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post #1 of 10
Thread Starter 
Can someone please explain tenting? I think I know what tenting is but I would like to remove the word think from this sentence. Pictures would be great.

post #2 of 10
All you do is : Take foil and wrap your meat so that it is not touching the meat, creating a "tent" around the meat.
post #3 of 10
In a nutshell, tenting is when you lay a piec of foil over what you're cooking(usually not touching it) without crimping only one of the ends, so it's open at the other side. What it does is prevent burning, it's usually removed later in the cooking process to allow the food to brown.
post #4 of 10
Thread Starter 
So, this is done while the food is cooking on the smoker.

Thank you.
post #5 of 10
Not sure why you would other than to try and capture more smoke.
post #6 of 10
Tenting is what I have to resort to if there is no Hilton around .... Just kidding.
Seriously though, when finished cooking, a piece of meat, especially beef or pork, should rest for awhile to let the juices re-distribute throughout the meat. The foil acts as an insulator to keep the meat warm. This is much more of an issue when meat is grilled because of the rapid temperature increases and faster cooking times. When I am ready to take a brisket or a butt out of the smoker, I usually double wrap in foil and old blankets and store in a cooler for a while. This accomplishes the same thing as "tenting".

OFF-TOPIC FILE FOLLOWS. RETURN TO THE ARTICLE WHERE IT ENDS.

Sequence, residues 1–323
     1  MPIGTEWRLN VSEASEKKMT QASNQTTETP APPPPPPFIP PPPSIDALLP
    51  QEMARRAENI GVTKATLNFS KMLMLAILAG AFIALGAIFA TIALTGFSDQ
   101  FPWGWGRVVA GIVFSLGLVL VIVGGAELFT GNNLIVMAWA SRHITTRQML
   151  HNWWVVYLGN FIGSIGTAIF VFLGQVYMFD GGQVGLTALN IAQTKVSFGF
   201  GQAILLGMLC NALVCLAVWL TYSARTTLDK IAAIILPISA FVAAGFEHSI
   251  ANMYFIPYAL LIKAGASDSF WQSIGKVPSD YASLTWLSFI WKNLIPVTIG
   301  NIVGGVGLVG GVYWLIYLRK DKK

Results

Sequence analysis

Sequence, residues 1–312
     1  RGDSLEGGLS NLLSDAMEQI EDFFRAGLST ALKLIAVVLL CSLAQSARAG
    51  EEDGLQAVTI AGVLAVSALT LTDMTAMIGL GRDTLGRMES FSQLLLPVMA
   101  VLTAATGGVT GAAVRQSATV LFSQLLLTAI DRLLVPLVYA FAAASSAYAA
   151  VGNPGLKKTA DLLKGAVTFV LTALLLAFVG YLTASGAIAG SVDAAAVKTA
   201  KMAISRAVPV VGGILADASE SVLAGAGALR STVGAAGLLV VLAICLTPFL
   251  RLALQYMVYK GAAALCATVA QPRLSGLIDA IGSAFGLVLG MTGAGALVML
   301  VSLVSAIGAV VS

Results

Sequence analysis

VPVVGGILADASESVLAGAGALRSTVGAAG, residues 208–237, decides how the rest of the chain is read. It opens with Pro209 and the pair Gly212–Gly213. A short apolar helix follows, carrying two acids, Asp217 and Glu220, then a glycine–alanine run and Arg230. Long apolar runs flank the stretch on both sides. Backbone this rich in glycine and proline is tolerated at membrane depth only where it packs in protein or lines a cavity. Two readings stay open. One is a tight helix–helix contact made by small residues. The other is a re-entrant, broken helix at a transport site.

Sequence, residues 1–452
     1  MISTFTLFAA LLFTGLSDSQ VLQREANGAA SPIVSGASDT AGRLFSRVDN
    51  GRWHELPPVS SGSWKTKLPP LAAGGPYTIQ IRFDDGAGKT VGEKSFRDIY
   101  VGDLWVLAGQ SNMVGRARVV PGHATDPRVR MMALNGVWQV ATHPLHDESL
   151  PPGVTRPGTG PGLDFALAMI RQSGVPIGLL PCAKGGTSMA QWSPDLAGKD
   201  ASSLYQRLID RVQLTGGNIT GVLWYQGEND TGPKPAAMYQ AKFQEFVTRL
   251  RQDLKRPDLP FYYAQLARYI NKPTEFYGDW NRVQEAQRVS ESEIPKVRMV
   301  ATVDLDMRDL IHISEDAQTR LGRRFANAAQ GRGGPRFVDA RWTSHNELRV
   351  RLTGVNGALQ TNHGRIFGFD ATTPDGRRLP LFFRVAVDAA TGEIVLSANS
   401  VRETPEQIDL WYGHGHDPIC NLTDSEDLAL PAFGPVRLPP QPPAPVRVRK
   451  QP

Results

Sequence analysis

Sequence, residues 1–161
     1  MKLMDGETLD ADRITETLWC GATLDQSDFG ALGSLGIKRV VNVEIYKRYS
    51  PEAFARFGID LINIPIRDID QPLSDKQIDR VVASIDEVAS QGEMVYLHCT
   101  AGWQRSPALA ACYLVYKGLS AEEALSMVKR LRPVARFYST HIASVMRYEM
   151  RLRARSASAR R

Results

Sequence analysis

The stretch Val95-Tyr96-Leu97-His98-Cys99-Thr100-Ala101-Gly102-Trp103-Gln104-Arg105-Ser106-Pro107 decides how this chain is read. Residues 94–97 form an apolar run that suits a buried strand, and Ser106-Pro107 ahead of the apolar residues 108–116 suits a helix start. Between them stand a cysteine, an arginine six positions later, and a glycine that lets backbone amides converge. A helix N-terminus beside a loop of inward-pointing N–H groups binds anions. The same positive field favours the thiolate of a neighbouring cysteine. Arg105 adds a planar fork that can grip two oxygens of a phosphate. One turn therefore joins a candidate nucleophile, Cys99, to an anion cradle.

post #7 of 10
I've never seen it done in a smoker, but I've seen it used in oven baking quite a bit.

For example, my mother used to do it when she cooked the Thanksgiving Day turkey... she'd tent it for the first few hours, then remove the tent to get the bird a nice golden brown.

Man, I miss her... icon_sad.gif
post #8 of 10
Yes, it's done in baking quite a bit.
post #9 of 10
As others have said, tenting it more often seen in baking and other oven activities, than smoking, but there are a couple of times when you might want to use it while smoking. For example, when some people use the 3-2-1 method, they feel they get too much of a good thing. The meat sometimes falls off the bone too much or too easily. If you have this problem, tenting can be a good approach to the middle time period. It will give some of the benefits of wrapping but not as much 'fall off the bone' results. A nice compromise, you might say. Another time is during the 'rest'. Once again, most like to wrap, probably even towel and place in a cooler. I have seen others 'tent' during this rest period. The meat will cool off quickly, so it must be for only a short duration and more appropriate if you want to continue basting or glazing as the juices redistribute.

post #10 of 10
That's when I tent, Thanksgiving Day bird, other wise the skin would get too brown or over done. Take the tent off (otherwise the skin could stick to the foil) and start basting.
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